I first entered our Club in 1985. It was located on S. State St. in a small rented building. A picture of that building hangs in Room 3. It was my first week of sobriety and I didn’t have a clue. It was smoke-filled and had a snack counter run by a strange man. You had to go down a steep and narrow set of stairs to get to the meeting rooms (also filled with smoke). No one told me to get out, and some of the people seemed friendly – so I stayed. Through the years, I’ve attended other meetings (held in churches), but to this day I consider our Club my spiritual home.
In my 2nd year of sobriety, we bought our current building on N. Maple and that was a very big deal. I was so clueless I didn’t realize how big a deal that was to have our own place! I definitely realize that now. I got sober on 5:35 meetings and could always drop in and find someone there to chat with. After about ten years I started to regain my life and develop interests that did not depend on alcohol. Although I continued to go to meetings at our Club, I wasn’t as involved in the day-to-day Club activities and responsibilities. My two kids married; I became a grandma to six grandkids; I retired, traveled, etc. & I wasn’t paying attention to Club affairs.
It wasn’t until several years ago, when the management of our Club started to go astray that I realized how much our Club meant to me. I, and others who believed as I did, re-involved ourselves, and our Club today continues its original mission. We learned that our Club is a fragile entity. It is a membership non-profit and, as such, depends on our patrons becoming members and participating. Not just in picnics, card nights, etc., but helping with the committees that organize these events, helping financially (when able), and voting for our Board of Directors. It truly is OUR Club.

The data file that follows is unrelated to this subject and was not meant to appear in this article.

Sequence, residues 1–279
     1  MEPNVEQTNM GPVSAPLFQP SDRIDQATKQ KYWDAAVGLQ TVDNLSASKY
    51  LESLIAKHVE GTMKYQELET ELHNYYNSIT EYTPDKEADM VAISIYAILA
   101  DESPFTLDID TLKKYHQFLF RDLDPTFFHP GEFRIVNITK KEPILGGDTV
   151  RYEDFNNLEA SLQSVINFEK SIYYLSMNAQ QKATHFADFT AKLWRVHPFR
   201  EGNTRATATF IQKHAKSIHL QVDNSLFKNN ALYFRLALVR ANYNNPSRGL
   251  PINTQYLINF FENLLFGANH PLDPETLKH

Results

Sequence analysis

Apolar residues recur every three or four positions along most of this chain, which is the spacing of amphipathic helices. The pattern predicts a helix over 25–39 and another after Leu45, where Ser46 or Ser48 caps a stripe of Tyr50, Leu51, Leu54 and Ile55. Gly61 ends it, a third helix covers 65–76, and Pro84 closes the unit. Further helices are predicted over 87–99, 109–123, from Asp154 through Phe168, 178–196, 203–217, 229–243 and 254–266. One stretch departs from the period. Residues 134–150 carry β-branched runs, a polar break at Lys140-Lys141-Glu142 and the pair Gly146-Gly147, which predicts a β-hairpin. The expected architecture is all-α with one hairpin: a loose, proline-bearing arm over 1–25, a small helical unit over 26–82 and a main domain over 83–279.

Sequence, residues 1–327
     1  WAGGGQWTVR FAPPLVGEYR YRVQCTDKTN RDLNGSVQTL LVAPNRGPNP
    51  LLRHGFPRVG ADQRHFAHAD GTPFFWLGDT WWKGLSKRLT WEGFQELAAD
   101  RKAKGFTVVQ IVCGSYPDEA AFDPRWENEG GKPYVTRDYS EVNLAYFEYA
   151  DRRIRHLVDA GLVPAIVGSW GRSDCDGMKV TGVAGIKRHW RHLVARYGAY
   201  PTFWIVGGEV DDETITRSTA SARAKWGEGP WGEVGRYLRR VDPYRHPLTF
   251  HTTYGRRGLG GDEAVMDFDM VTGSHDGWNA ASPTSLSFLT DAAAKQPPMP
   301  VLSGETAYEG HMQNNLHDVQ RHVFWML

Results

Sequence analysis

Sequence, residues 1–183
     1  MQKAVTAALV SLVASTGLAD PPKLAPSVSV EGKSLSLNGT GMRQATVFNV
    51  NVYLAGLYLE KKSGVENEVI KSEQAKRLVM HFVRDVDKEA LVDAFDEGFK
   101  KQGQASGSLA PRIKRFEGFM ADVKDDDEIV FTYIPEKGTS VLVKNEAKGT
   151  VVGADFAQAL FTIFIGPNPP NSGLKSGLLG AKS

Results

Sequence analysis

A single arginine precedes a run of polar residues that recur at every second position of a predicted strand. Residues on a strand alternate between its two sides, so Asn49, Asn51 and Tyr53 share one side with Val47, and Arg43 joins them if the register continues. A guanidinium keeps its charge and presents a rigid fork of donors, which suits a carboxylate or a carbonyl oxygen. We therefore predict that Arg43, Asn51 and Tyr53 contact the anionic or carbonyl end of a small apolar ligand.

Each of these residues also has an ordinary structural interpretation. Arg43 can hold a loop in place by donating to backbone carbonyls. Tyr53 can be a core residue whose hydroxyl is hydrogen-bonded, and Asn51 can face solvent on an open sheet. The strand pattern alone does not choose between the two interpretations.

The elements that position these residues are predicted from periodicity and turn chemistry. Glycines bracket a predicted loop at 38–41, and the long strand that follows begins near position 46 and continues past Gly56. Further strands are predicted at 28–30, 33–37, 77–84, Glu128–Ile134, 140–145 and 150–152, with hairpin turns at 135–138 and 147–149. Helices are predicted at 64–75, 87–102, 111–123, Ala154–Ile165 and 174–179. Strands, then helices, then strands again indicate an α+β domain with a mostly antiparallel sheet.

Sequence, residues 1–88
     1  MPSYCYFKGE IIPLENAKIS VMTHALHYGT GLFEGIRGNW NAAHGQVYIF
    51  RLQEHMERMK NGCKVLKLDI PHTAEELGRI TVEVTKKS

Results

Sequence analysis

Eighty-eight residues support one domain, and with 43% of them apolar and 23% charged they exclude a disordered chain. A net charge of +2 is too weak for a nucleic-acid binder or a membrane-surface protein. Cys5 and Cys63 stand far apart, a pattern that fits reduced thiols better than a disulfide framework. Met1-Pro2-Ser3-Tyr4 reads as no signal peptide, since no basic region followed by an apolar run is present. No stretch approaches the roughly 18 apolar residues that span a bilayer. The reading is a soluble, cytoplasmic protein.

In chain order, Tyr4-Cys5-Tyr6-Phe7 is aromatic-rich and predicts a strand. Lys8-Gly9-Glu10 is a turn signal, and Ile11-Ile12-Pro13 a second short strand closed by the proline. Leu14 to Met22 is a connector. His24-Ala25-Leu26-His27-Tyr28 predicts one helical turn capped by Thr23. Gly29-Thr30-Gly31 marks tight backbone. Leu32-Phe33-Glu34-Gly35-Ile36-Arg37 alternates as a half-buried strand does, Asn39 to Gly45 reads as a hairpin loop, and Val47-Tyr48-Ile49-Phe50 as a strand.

Alcoholism has been called a disease of isolation. Our Club provides so many opportunities to involve ourselves in breaking that isolation. I encourage all of our patrons and members to help out where you best fit in, be it gardening, planning social events, or fundraising. Purchase a membership. A little goes a long way if we all participate together. My personal experience has been that service to our Club has been returned to me multiple times and in multiple ways.
AA meetings have kept me sober. Our Club, however, has provided benefits far beyond that: A place where I can meet up with folks “like me” and belong to the greater “WE”.
Thank you Pat, for your continued dedication to the WAC!
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